• “Good” furniture. Not too long ago (when considering the age of modern civilization), furniture was built to last generations. Families were less mobile and could easily pass well-built furniture to children for several cycles. It is possible to invest in furniture that could last over a hundred years, suiting the needs of future generations, but that’s unlikely. Most furniture built today will be replaced within the initial owner’s lifetime. The concept of “investing in furniture” no longer applies.
  • Electronics (computers, home theater systems, etc.) Buying the latest and greatest electronics may be a way to invest in your continued relevance within your social circle; if you want to hold the Superbowl parties, you’ll need the biggest, highest-definition, most-dimensional television. That’s as far as you can take investing when a product’s life cycle is only a few years before becoming hopelessly obsolete.
  • Home business scams. Be wary of any product that promises you the ability to earn money on your own — but only if you buy an introductory home business kit, e-book, or some other limited-value item. This will always be framed as an investment but few people earn enough to cover their initial outlay.

See past the marketing and be aware of any self-delusions. Words are powerful, and using the word “invest” instead of “buy” often masks a dangerous financial choice.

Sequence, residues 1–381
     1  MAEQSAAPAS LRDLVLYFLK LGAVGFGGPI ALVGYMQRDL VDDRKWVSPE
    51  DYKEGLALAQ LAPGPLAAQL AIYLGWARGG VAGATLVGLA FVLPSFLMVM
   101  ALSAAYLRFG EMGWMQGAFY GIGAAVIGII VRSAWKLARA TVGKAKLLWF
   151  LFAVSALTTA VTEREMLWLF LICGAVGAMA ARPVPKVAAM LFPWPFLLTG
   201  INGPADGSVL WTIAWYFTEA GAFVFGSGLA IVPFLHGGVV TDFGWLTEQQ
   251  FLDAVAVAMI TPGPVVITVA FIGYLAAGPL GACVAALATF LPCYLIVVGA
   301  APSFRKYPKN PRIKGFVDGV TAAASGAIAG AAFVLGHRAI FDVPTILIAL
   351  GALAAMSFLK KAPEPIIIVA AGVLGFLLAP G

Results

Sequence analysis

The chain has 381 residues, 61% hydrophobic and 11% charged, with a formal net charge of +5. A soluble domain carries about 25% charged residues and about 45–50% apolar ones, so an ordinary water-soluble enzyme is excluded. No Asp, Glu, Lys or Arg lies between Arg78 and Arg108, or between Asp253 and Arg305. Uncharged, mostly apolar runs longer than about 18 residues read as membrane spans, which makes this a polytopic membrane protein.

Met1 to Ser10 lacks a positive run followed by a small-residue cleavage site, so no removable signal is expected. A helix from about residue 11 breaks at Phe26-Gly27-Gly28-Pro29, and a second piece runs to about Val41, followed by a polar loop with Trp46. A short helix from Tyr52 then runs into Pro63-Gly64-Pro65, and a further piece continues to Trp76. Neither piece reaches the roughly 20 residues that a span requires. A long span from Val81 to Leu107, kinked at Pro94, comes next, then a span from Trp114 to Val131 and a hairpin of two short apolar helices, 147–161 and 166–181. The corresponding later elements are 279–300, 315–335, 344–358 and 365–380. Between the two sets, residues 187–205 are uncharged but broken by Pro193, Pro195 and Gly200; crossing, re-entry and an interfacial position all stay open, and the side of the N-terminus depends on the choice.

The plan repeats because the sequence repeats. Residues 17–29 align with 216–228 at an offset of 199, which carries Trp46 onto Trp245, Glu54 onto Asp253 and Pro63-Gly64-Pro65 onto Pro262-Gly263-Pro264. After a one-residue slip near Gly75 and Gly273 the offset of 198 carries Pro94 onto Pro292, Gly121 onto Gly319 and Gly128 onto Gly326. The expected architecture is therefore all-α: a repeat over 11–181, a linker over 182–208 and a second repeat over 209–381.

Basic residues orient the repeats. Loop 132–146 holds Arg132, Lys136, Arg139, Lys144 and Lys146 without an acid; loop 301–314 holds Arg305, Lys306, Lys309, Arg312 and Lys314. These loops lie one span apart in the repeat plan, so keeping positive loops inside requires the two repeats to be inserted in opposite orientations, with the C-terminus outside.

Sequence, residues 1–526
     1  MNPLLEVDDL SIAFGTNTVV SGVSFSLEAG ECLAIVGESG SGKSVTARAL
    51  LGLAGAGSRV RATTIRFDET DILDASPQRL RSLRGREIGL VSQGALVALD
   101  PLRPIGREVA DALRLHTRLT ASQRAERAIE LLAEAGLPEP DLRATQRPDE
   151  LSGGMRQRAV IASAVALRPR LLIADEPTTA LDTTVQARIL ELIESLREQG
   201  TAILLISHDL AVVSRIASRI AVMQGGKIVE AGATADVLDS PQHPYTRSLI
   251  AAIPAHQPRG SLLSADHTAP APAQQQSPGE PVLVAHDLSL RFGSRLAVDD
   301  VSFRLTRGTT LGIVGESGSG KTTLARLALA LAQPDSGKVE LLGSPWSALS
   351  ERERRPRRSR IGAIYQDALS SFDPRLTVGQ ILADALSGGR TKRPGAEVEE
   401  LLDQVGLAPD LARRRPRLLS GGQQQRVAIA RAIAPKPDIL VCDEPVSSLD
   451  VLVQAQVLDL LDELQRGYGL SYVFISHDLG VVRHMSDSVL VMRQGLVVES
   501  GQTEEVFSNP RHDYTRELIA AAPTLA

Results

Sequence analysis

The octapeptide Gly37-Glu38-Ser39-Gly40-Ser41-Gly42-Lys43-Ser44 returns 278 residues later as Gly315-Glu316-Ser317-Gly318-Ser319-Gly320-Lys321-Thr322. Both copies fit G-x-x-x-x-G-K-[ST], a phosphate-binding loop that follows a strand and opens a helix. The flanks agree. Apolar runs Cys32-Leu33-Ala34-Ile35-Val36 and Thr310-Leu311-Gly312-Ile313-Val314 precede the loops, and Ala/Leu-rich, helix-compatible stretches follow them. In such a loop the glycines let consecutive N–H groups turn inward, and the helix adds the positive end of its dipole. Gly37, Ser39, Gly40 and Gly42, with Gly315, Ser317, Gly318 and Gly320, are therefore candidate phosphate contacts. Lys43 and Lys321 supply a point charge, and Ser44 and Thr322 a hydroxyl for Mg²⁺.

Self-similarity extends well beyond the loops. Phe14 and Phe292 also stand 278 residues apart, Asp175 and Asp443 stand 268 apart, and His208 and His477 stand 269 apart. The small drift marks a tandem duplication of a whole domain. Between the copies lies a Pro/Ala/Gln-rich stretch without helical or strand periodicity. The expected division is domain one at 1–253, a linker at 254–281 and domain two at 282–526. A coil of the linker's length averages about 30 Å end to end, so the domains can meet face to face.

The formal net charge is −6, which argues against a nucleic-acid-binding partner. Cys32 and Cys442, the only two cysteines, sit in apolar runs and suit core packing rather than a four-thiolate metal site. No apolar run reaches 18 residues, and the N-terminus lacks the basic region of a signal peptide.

Photo: soopahgrover

Published or updated October 18, 2010.

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About the author

Luke Landes is the founder of Consumerism Commentary. He has been blogging and writing for the internet since 1995 and has been building online communities since 1991. Find out more about Luke Landes and follow him on Twitter. View all articles by .

{ 13 comments… read them below or add one }

avatar 1 TakeitEZ

Nice article. I agree with everything stated in it. Although, my wife and I did purchase a pricey bedroom set five years ago. It truly is great quality and will last for a lifetime. We plan to keep it for our lifetime.

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avatar 2 Anonymous

I quite enjoyed this article.

As you said in the first paragraph, there are other words that can have a powerful effect on how a situation is perceived. My wife has always said “My grandmother paid for my college by PLAYING in the stock market.” My parents-in-law invest almost all their money in CDs. As you can imagine, even though stock market investing paid for DW’s college, with the way she words it her grandmother just got lucky. My wife (and her parents) are very risk averse.

There are many other loaded words. They use them in those fake surveys on the phone – they pretend to be collecting opinions but are in fact trying to influence them. Sometimes subtly, sometimes not.

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avatar 3 Anonymous

I find this to be pervasive in politics and quite annoying when it comes to getting a handle on government budgets.

What does govt invest in?

education, roads, health care, seniors, children, security, etc (I am sure I forgot some other obvious ones as well).